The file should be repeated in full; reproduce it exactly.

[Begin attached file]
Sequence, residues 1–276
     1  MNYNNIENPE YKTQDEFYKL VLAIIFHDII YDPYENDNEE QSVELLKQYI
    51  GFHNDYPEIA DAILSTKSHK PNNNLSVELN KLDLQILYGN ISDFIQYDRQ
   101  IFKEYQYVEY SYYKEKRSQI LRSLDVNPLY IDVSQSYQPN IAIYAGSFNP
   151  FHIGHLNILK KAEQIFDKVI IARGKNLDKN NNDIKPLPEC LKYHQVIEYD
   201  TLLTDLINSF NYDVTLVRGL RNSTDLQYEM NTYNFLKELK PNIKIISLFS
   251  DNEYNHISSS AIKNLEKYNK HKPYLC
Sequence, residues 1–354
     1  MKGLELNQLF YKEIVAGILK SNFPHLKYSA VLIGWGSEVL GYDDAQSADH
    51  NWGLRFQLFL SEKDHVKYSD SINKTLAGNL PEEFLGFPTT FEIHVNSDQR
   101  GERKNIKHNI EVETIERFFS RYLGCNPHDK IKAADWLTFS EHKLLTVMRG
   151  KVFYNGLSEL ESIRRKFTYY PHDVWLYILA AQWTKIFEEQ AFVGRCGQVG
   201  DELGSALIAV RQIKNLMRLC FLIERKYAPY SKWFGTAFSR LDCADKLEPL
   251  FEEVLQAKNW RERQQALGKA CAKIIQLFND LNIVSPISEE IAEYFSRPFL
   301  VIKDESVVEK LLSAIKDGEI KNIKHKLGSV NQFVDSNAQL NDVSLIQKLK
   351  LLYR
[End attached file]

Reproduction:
Sequence, residues 1–276
     1  MNYNNIENPE YKTQDEFYKL VLAIIFHDII YDPYENDNEE QSVELLKQYI
    51  GFHNDYPEIA DAILSTKSHK PNNNLSVELN KLDLQILYGN ISDFIQYDRQ
   101  IFKEYQYVEY SYYKEKRSQI LRSLDVNPLY IDVSQSYQPN IAIYAGSFNP
   151  FHIGHLNILK KAEQIFDKVI IARGKNLDKN NNDIKPLPEC LKYHQVIEYD
   201  TLLTDLINSF NYDVTLVRGL RNSTDLQYEM NTYNFLKELK PNIKIISLFS
   251  DNEYNHISSS AIKNLEKYNK HKPYLC
Sequence, residues 1–354
     1  MKGLELNQLF YKEIVAGILK SNFPHLKYSA VLIGWGSEVL GYDDAQSADH
    51  NWGLRFQLFL SEKDHVKYSD SINKTLAGNL PEEFLGFPTT FEIHVNSDQR
   101  GERKNIKHNI EVETIERFFS RYLGCNPHDK IKAADWLTFS EHKLLTVMRG
   151  KVFYNGLSEL ESIRRKFTYY PHDVWLYILA AQWTKIFEEQ AFVGRCGQVG
   201  DELGSALIAV RQIKNLMRLC FLIERKYAPY SKWFGTAFSR LDCADKLEPL
   251  FEEVLQAKNW RERQQALGKA CAKIIQLFND LNIVSPISEE IAEYFSRPFL
   301  VIKDESVVEK LLSAIKDGEI KNIKHKLGSV NQFVDSNAQL NDVSLIQKLK
   351  LLYR